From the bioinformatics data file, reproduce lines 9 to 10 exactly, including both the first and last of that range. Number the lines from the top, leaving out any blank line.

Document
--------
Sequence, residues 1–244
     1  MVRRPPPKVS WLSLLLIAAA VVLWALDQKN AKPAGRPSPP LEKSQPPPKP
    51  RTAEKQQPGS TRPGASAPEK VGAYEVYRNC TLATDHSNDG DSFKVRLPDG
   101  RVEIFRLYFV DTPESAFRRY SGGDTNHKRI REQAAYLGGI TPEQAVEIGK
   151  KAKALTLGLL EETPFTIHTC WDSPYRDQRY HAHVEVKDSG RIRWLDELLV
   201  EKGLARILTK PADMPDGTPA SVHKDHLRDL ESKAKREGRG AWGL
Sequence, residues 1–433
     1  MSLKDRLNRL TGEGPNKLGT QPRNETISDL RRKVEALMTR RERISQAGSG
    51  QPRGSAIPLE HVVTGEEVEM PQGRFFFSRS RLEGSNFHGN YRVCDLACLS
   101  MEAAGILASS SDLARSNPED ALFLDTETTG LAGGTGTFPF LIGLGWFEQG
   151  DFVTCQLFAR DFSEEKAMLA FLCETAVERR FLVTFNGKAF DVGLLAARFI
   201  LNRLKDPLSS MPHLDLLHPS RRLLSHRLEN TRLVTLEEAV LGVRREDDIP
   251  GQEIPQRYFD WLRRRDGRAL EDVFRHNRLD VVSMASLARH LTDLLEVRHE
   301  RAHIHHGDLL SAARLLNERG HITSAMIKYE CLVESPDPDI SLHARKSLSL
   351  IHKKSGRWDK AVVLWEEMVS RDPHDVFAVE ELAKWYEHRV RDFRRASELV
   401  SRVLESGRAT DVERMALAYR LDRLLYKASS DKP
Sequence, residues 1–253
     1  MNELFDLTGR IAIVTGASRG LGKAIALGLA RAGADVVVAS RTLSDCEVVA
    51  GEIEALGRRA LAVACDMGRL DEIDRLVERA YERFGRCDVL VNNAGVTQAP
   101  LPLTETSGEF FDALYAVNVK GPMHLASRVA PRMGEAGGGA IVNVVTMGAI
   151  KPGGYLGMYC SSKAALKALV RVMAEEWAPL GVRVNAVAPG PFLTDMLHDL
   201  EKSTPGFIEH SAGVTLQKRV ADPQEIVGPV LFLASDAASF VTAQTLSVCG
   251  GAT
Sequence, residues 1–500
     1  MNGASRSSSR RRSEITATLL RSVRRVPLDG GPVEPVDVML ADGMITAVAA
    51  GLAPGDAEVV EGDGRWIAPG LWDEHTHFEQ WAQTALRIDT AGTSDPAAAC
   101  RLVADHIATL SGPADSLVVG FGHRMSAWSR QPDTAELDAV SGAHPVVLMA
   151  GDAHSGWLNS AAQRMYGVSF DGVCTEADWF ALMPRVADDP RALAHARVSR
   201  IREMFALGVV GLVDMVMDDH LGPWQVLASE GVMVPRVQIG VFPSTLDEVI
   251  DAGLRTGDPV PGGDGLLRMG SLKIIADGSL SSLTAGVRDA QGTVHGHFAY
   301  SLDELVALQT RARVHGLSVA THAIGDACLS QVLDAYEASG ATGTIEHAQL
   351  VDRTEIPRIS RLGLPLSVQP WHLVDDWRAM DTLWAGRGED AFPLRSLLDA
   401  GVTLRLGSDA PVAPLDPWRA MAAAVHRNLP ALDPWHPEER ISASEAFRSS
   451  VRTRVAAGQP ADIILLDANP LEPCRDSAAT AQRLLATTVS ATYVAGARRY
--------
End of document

    51  QPRGSAIPLE HVVTGEEVEM PQGRFFFSRS RLEGSNFHGN YRVCDLACLS
   101  MEAAGILASS SDLARSNPED ALFLDTETTG LAGGTGTFPF LIGLGWFEQG